Archive | April, 2012

Icky Sticky Frog.

30 Apr

 

This week’s book was Icky Sticky Frog. We have enough copies for each student to hold their own (the tongue/fly attachment on the book is quite the hit), which they always like! Gives us a nice chance to review some of our academic vocabulary (cover, title, author, illustrator, back cover, etc). It’s a nice story for sequencing/recalling: what did the frog eat first? Next? After reading the story we got out a bouncy frog and set up bug visuals around it. The students each got to pick a frog bean bag, bounce it, and label/describe the insect to which their frog landed the closest (e.g. caterpillar: long, green, fuzzy, will be a butterfly). Then we split into two fine motor groups—-one went to make caterpillars with paint, another used tongs to go on a “bug hunt” in two “bean boxes”. Students described the bugs they found. Question of the day: If you could be a bug, what bug would you be (answers were actually pretty great, especially from the students who could answer “why”)? Song: 5 Green & Speckled Frogs

Download: Adaptation of the book (sentence strips). Used to answer wh- questions, expand utterances, target speech sounds (medial /k/, st-, fr-, etc).

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Muncha Muncha Muncha.

24 Apr

I mentioned that one of my Spring favorites is Muncha Muncha Muncha by Candace Fleming. I just think it’s fabulous for sequencing, making predictions, identifying emotions, labeling veggies, etc. In the artic arena, this week I’ve made it work for targeting /k/ and /g/ primarily, but of course could use it for /m/, “ch”, whatever you can find in the story to emphasize!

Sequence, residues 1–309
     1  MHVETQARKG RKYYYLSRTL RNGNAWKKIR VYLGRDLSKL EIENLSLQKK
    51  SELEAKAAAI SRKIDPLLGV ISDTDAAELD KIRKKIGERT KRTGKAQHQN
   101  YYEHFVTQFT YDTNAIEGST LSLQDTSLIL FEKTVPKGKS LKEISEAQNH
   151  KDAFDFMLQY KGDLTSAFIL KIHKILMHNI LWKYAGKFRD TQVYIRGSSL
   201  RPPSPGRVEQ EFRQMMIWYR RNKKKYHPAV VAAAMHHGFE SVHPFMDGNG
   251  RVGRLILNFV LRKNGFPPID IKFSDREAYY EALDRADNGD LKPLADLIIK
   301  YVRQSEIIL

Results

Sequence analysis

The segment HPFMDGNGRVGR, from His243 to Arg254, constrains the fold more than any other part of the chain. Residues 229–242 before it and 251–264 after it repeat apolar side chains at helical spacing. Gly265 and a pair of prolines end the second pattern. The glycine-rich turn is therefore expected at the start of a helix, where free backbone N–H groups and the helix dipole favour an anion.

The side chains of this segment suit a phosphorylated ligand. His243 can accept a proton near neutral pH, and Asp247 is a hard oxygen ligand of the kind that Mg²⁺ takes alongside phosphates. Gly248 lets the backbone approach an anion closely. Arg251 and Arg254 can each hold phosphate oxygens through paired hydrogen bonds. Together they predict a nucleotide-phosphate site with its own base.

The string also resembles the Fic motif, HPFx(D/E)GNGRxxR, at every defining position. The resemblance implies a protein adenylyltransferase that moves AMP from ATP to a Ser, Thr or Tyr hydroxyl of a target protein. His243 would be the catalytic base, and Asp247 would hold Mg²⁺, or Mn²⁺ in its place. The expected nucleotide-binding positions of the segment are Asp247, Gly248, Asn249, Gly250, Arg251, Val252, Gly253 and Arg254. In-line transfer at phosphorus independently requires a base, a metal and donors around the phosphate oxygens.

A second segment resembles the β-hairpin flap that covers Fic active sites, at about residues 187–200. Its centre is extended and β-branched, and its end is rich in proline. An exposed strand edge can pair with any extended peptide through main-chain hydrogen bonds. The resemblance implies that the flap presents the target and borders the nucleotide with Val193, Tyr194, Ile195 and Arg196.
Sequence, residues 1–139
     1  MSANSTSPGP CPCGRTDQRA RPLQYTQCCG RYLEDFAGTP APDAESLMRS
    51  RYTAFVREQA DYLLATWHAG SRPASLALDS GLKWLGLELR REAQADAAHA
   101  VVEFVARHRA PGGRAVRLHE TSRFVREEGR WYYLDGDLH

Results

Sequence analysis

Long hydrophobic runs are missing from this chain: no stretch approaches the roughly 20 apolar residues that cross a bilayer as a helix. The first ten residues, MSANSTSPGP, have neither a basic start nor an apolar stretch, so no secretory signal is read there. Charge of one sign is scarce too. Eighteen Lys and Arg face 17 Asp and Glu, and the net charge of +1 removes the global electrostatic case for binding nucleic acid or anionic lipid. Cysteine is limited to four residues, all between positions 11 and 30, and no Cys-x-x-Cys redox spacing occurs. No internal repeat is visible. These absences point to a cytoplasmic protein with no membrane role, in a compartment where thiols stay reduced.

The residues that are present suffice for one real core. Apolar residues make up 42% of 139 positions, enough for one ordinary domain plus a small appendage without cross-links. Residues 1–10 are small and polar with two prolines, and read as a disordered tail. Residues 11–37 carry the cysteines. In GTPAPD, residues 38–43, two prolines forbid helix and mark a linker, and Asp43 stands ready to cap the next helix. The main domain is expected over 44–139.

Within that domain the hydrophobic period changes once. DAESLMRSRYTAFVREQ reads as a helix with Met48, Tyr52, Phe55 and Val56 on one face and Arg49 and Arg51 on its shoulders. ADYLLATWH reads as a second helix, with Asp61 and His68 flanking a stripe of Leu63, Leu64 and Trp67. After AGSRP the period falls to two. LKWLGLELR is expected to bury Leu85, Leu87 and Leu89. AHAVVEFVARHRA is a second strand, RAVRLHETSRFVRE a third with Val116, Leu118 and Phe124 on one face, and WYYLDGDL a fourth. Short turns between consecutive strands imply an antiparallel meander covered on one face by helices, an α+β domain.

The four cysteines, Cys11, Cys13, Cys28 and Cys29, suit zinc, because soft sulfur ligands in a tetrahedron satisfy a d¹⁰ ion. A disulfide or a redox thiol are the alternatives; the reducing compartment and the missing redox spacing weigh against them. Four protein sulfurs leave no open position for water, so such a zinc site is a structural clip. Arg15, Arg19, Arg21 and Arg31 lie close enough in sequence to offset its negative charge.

Click on the pictures below for the following downloads.

1) Images from the book for sequencing. Sadly, the copy machine at work scans these in b&w, so I’d certainly recommend just copying your own, but here they are just in case you’re in a pinch! I laminated 6 scenes from the book and have been using them for sequencing tasks.

2) /k/ & /g/. Very simple visual to send home/use during sessions. Carrot & garden are two targets that can be elicited frequently in the story.

3) Retelling the story. Visuals to help students retell the story. Used with students targeting sequencing/expanding utterances and also with some artic students for carryover tasks.

4) Garden visuals. I can’t find mine right now (grr), but previously had printed these and laminated/velcro-ed them to target spatial concepts and following directions. Includes veggies all discussed in the story, a fence, etc. Included different sizes so directions could be made more complex if needed (e.g. Put the smallest bunny next to the big lettuce, etc).

Hope you enjoy! Could pair this story with the bunny books I shared previously or medial “ch” visuals. I also used it with this fruit/veggie SMARTBoard activity with some of my students.

Surprise Garden.

20 Apr

Sorry for the infrequent posting. A little personal life info: my mom had (planned) major back surgery last week, so I’ve been spending a lot of time in the hospital/rehab. She had some complications with intubation during surgery (or so it seems) and is having some vocal fold/voice issues now. Finally had her first speech therapy session today! Advocacy for the win, SLPs! I felt so grateful to at least have enough knowledge to know that, no, her resultant voice was not normal even with having had a long surgery and, yes, an ENT/SLP should absolutely be involved. And then to politely but firmly demand that they see her. 😉 Voice has never been my favorite area or one I feel super knowledgeable on (bring on the continuing ed!), so it’s time to brush up on it and learn more. Any resources/recommendations (especially for unilateral vocal fold paralysis)?